The EU is urging Hungary to comply with the 15 percent corporate tax

The EU has urged Hungary to accept a minimum corporate tax of 15 percent as it fights with the country over pandemic funding and aid to Ukraine.

Economy Commissioner Paolo Gentiloni urged Budapest to “deliver on the commitment” it has made to its global and EU partners.

Hungary signed the tax into law at the Organization for Economic Co-operation and Development – known as “Pillar 2” – last year and vetoed it at the last minute earlier this year as the EU negotiated a law that would apply it bloc-wide.

“Hungary signed the global agreement on ‘Pillar 2’ and supported the idea of ​​introducing this agreement into the European framework,” Mr Gentiloni told reporters in Brussels on Thursday afternoon.

“Their opposition came only recently, so my very clear request is to stick to the commitment that has been made at global level – the signing of the OECD agreement with the other 135 countries – and at some point also at European level .

“So I hope we get back to that.”

Mr Gentiloni’s comments come after a turbulent week in which Hungary blocked promised €18 billion in EU aid to Ukraine, forcing its European partners to bypass the country to get the money to Kyiv by January.

Hungary is fighting with the EU over the release of more than €10 billion in EU regional and pandemic funds that the Commission has held back over rule of law and fraud issues.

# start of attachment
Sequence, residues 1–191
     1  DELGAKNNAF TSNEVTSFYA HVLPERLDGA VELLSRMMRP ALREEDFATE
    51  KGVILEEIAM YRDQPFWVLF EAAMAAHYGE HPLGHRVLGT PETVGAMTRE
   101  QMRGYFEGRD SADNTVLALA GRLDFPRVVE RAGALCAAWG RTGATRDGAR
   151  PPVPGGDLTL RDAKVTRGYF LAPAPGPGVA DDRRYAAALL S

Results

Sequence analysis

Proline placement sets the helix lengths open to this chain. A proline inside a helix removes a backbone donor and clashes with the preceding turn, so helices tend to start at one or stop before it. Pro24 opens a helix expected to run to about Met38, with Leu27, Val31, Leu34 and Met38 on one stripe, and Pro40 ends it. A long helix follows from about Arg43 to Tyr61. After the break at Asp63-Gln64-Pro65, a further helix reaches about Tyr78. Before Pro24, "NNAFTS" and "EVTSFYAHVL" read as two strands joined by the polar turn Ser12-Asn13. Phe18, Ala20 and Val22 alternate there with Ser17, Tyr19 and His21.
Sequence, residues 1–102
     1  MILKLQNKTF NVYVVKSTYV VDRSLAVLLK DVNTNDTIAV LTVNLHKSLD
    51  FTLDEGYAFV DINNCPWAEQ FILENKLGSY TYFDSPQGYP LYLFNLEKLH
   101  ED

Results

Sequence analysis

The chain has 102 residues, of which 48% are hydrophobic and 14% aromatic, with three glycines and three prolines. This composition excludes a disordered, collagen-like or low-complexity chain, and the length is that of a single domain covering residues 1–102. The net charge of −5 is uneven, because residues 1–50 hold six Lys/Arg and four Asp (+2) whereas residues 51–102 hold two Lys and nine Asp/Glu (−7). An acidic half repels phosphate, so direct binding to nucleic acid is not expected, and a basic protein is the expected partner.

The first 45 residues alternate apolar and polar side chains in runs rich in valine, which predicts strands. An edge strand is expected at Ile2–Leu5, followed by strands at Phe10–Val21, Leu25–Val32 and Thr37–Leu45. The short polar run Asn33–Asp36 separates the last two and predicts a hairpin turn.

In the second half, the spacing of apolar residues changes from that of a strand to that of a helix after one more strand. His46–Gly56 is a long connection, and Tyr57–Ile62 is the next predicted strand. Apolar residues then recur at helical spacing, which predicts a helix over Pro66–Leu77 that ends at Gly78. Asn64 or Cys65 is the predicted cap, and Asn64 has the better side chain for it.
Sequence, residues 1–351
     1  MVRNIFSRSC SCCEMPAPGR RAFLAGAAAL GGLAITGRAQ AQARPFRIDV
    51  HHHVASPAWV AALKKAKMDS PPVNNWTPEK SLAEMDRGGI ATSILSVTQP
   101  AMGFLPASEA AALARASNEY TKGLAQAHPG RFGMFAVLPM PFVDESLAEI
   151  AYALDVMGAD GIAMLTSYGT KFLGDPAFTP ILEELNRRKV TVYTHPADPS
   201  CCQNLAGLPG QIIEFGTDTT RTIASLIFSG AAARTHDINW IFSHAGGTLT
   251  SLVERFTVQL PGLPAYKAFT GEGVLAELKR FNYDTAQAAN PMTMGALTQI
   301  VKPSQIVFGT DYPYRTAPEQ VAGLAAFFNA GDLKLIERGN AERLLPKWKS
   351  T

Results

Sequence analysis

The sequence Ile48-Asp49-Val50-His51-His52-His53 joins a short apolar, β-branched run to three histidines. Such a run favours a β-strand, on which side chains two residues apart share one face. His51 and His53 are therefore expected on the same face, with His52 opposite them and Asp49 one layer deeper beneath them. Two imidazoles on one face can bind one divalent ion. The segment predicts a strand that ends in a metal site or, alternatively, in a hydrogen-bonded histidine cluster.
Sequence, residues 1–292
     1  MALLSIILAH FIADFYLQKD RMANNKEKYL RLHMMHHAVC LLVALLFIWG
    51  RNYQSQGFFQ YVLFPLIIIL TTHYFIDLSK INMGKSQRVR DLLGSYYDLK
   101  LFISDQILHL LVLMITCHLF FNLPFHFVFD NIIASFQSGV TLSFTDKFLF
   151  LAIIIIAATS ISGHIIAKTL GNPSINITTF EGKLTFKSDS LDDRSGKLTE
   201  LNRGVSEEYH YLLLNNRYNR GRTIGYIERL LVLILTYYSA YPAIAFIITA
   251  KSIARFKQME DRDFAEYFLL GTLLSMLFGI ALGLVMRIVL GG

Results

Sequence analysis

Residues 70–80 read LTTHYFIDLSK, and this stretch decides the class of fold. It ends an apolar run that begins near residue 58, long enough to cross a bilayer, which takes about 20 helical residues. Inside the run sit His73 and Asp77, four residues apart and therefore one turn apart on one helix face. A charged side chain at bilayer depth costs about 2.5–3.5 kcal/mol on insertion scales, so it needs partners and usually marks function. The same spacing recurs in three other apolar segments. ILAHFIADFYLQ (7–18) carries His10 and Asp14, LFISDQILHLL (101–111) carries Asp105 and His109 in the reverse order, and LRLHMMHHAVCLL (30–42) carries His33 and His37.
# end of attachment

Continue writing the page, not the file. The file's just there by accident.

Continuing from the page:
MEPs have said Hungary is effectively “blackmailing” the EU to release the funds.

Hungary has previously halted EU sanctions against Russia and blocked the 15 percent tax.

Prime Minister Viktor Orban said last week that the deal between the OECD (and the EU) was “a job-killing tax hike” that would “wipe out tens of thousands of jobs”.

Hungary has used a low 9 percent tax rate to attract firms to settle there.

Tax laws require the unanimous support of all 27 EU countries.

Finance Minister Paschal Donohoe has repeatedly said the bloc should not try to bypass Hungary to secure a tax deal, although the Netherlands and several other countries want to go ahead with 26.

This week, EU finance ministers bought more time by asking the Commission to reassess Hungary’s progress on judicial and anti-fraud reforms.

But they also linked Hungary’s aid payments to its support for Ukraine and the 15 percent tax.

The commission’s reassessment is due on Friday, with EU countries confident they can bring Hungary into line before Christmas and avoid the dispute marring a summit of leaders next week. The EU is urging Hungary to comply with the 15 percent corporate tax

Fry Electronics Team

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